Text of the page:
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Cuts in incentives upset 3M supervisors
3M managers learned that the company will trim its long-standing profit-sharing and stock-option plans. The company says changes are necessary to help "support growth.''
By Dee DePass
Minneapolis Star Tribune
Saturday, December 16, 2006


3M Co. supervisors, managers and unit directors learned this week that the Maplewood company is planning to significantly cut its stock-option plan and end the quarterly profit-sharing checks it has disbursed since the 1950s.  Profit sharing now will be paid annually, rather than quarterly, beginning in 2007 for 110 top-tier executives.  The switch will take effect for all other managers in 2008.  Profit-sharing checks will be tied to business unit performance and will be issued on March 15 of the subsequent year.  Some lower-level managers, supervisors and salespeople no longer will be given stock options.

Mark Nagorka, 3M's director of global compensation, said Friday that the changes are being made to better align the company's incentive compensation plans with those of its peers.  He said 3M's stock-option plans have been considerably more generous than those of other companies and were off-putting to shareholders.

More rigorous federal accounting changes have made stock options more transparent to investors, creating "an increased scrutiny by shareholders that see these plans as overly dilutive of their holdings," 3M said in a letter to workers about the changes.

A copy of the 13-page letter obtained by the Star Tribune said the compensation changes are necessary "to support growth and profit for 3M.  ... It is imperative to 3M's future that we grow the company faster.  We intend to harness the creative powers of 3M employees to do that."

Several affected managers and supervisors, who spoke to the Star Tribune on the condition of anonymity because of concerns about losing their jobs, said that the company is going too far and that the changes could cut their pay from 5 to 35 percent.

One manager said managers and directors will receive about half of what they got in the past.

"This is not the same 3M," said another manager.  "It's like going through a divorce.  You've been with the same partner for decades, and suddenly they are not the same person you joined ties with."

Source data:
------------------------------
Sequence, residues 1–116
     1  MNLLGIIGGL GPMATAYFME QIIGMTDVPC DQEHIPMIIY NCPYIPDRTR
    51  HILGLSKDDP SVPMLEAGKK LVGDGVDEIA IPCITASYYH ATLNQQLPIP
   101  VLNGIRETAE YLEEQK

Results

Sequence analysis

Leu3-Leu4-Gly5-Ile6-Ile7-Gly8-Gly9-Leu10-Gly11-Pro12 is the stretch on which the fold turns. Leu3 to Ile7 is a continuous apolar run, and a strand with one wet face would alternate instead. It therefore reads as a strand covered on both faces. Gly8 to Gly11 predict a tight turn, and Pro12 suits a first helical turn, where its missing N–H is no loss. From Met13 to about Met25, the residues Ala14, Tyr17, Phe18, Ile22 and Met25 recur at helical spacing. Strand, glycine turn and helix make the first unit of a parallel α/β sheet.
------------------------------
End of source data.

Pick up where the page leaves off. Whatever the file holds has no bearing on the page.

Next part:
Nagorka disputed the claim that the changes will have such a harsh impact, but said he understands why the workers are upset.

"This is an enormous change.  We have had a profit-sharing plan in place since the early 1950s, so people who are long-term 3Mers are really not familiar with any other form of short-term incentive pay.  So they really find this to be a major change in 3M and 3M culture," he said.

He added that the "average employee has about 11 percent of their total cash compensation in this profit sharing" each year, with top-tier executives getting substantially more.  Lower-level managers typically receive $5,000 to $8,000 worth of stock options a year, he said.

CEO George Buckley came to 3M about a year ago from boat and bowling-ball maker Brunswick Corp.  3M's stock price has moved between $67 and $88 since then, closing Friday at $78.31, nearly unchanged from when he arrived.

3M will issue a one-time "transition" check worth about 40 percent of the expected annual bonus to executives in August 2007 and to managers in August 2008 to help ease the move away from the quarterly payments.  The remainder of the bonus will be paid after calculations are complete in March of the following year, he said.

Isaac Cheifetz, president of Open Technologies Consulting, said 3M faces a challenge "to implement this kind of system in a way where employees can understand and relate to it and have enough clarity where employees are motivated by it."

The changes were approved by the compensation committee of 3M's board of directors last month.

Dee DePass 612-673-7725 ddepass@startribune.com

http://www.startribune.com/535/story/879499.html